Without wishing to anticipate the work in the first two Units, it is fair to say that we will be much more interested in the broad principles set out in the Magnificat than with trying to use the Bible as an ethics textbook. At the collective and individual levels (as far as there has been an individual level), notions of criminal and social justice have changed radically since St. John 'laid down his pen', just as they changed between that date and the first Biblical writings more than 600 years before, and notions of personal identity have changed almost beyond recognition since the figure of Abraham emerged from the mists of time. Hopefully, discussion will generate a creative tension between scripture and contemporary ethical sensibilities. This is not a novel situation but has, rather, been an under-current in Christianity throughout its history, manifesting itself in areas as diverse as the relationship between church and state, the relationship between citizens and the state, lawful rebellion, land tenure, the just war, money lending, slavery and genocide.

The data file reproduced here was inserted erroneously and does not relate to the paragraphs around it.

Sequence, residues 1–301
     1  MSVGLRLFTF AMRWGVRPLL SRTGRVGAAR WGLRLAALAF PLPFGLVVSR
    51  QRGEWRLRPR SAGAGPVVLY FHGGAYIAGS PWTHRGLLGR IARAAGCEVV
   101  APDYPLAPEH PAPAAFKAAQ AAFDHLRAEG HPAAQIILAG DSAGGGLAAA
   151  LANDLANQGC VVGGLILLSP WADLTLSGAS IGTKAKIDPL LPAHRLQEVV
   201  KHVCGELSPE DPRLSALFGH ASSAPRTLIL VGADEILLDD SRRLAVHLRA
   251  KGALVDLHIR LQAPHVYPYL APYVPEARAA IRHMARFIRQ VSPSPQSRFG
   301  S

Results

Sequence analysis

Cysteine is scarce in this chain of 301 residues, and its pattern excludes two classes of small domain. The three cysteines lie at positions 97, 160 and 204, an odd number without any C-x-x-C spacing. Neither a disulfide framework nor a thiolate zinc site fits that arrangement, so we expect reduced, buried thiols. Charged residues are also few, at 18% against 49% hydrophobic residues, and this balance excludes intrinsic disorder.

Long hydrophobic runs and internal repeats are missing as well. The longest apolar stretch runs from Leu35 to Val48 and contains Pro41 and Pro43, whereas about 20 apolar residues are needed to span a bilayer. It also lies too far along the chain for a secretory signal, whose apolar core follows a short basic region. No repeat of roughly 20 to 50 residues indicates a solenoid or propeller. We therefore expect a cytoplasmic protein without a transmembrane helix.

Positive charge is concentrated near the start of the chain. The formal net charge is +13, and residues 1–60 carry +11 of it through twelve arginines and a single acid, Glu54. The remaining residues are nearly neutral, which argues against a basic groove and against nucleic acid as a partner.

Our aim is that by the end of the Course we will be much more sure of who we are, how we relate to other people in our own society and how our society relates to the world, particularly to its poorest peoples. We need to consider to what extent we should take The Magnificat at face value and what that may mean for our ethical and spiritual lives.

We may not know exactly how to continue as faithful pilgrims (for we are "Pilgrim" in this course) but at least we will know why.